For example, I think my strategy for storing wheat is to simply make sure that I order backup bags when I crack into a new bag, instead of ordering more when I’m getting down to the end. That way I should always have at least a few months or more worth of wheat, rice, etc. on hand, but I’m always going through it, so no particular batch should have to be “stored” for more than a year.

I also have rolled oats on hand, but it’s important to remember that those aren’t exactly “whole” and have a shorter shelf life, technically. I wouldn’t keep them around more than a year, but I haven’t looked it up officially.

Here are some storage resources for you if you want to get serious though:

Milling the Grains

It’s all well and good to have 100 pounds of grain on hand, but without a grain Nutrimill grain millmill, it won’t be all that fun to eat.

I have a Nutrimill grain mill, but if  my electricity is out, I’m out of luck. There are grain mills that work without electricity (Wondermill is the brand I always hear about), and I’m strongly considering having one of those on hand, both because it would work when the power doesn’t and also because it can grind almonds into flour and flax seeds, which are too oily for the mechanisms in the fancy electric mill.

What About Storing Flour?

Storing bulk flour would negate the need for a new large appliance, but it’s a trickier situation. While white refined flour has an incredible shelf life, there’s a reason for that. Most of the nutritional goodness has been stripped away with the bran and germ. However, the bran and germ, once cracked (ground into flour) are going to cause whole wheat flour to go rancid rather quickly. That’s why it’s recommended to store whole wheat flour in the freezer.

The cash it would take to run a freezer to keep a substantial amount of whole wheat flour on hand would probably pay for a grain mill in a few years, so I kind of think it’s a wash. Doesn’t hurt to keep an extra 5-pound bag on hand for a brief emergency, but if you want to be ready to hunker down and wait out a month-long problem (or longer), you’re going to need to rely on whole, uncracked grains.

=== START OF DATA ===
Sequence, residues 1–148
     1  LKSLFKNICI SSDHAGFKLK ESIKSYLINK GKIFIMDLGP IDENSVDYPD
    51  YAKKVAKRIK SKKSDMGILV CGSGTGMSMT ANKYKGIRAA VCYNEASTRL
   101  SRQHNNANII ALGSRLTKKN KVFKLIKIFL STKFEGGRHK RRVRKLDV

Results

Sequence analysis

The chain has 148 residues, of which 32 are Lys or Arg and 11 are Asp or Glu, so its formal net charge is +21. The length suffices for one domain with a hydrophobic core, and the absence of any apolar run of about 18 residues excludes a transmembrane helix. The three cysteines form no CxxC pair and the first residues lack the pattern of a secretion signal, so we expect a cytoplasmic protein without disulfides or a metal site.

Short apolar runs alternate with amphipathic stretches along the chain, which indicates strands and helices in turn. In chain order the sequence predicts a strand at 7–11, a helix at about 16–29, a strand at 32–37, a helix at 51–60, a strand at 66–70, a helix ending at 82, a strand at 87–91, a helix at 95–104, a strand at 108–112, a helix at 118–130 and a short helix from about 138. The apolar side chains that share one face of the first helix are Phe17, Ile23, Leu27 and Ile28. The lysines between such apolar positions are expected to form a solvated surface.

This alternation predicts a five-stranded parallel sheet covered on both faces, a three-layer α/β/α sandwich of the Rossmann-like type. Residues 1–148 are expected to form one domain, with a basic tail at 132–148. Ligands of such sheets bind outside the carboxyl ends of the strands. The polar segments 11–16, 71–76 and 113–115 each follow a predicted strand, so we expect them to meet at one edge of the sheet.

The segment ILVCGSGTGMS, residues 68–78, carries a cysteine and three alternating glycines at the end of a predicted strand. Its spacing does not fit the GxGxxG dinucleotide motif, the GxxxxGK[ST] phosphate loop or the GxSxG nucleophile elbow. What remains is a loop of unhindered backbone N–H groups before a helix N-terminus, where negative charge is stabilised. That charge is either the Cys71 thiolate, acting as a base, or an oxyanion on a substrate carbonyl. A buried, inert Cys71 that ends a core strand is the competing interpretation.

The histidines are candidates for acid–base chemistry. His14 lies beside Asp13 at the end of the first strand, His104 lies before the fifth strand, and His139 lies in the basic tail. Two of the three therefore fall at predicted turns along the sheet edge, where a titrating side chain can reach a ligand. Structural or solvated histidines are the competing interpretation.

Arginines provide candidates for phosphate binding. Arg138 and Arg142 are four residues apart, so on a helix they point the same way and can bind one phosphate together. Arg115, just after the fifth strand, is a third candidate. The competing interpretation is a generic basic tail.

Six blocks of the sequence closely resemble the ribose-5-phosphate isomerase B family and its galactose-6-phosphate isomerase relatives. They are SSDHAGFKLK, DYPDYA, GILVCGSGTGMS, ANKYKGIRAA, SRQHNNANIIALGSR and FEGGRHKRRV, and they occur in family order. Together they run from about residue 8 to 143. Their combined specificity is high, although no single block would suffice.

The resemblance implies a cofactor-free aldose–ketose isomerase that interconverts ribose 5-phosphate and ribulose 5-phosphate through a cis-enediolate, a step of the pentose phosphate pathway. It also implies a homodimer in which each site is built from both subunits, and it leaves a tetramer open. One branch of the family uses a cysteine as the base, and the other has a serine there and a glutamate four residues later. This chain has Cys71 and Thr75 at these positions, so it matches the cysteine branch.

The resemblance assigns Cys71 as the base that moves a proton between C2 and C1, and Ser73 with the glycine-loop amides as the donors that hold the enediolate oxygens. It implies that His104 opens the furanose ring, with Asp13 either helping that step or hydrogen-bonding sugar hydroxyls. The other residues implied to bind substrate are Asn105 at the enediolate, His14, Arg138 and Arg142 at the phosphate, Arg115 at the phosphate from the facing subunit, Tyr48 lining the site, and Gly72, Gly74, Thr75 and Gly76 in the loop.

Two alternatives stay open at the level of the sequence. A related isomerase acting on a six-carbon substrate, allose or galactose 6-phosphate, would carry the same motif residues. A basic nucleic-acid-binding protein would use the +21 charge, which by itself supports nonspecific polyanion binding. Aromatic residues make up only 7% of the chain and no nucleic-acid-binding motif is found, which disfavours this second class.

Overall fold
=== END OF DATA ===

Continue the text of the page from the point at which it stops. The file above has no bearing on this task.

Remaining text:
Bonus: you can also sprout whole grain for living nutrition if you don’t have any fresh produce available.

Other Things to Store

To make your bread recipes, often you’ll need salt, baking soda, and even eggs. Storing extra salt is easy – just buy it in bulk and it will last forever. Be sure to get healthy, unrefined salt! Baking soda and powder only has about a year’s shelf life before it starts losing potency, soda is so cheap that you can let a box expire and not break the bank. Just use old stuff for cleaning and keep fresh on hand.

If you do have a manual grain mill, keeping a large bag of whole flax seeds would be a wonderful idea. You can grind them and use 1 Tbs. flax meal with 3 Tbs. warm water as a substitute for an egg in baking recipes. Pancake problem solved! Here are more detailed instructions for the flax egg substitute.

What did I miss? How do you store and use grains? Are there any prepared grains that one can just “eat” without water or heat?

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72 Comments so far ↓

  • Laura

    I don’t know about the nutrition you could get from doing this, but growing up poor (and yes, mormon) we would chew the whole wheat berries we stored in our basement as a replacement for chewing gum. no water or heat needed, just good teeth!

  • Peggy

    Grains, after boiling for a couple minutes, can be put in a thermos to finish cooking (for several hours) which saves cooking fuel. You can Google “thermos cooking” for info on that. Sprouting not only increases nutrition, it decreases cooking time a little. I have heard some “prep people” say that when you remove grains from your stockpile to cook, freeze them overnight first to kill any bugs. Then, the bugs (which are almost always too small to see anyway) can be eaten along with the grain. It’s a protein boost, and “vegetarians” have been doing it for centuries. Hey, I’m not saying it’s a pleasant thought…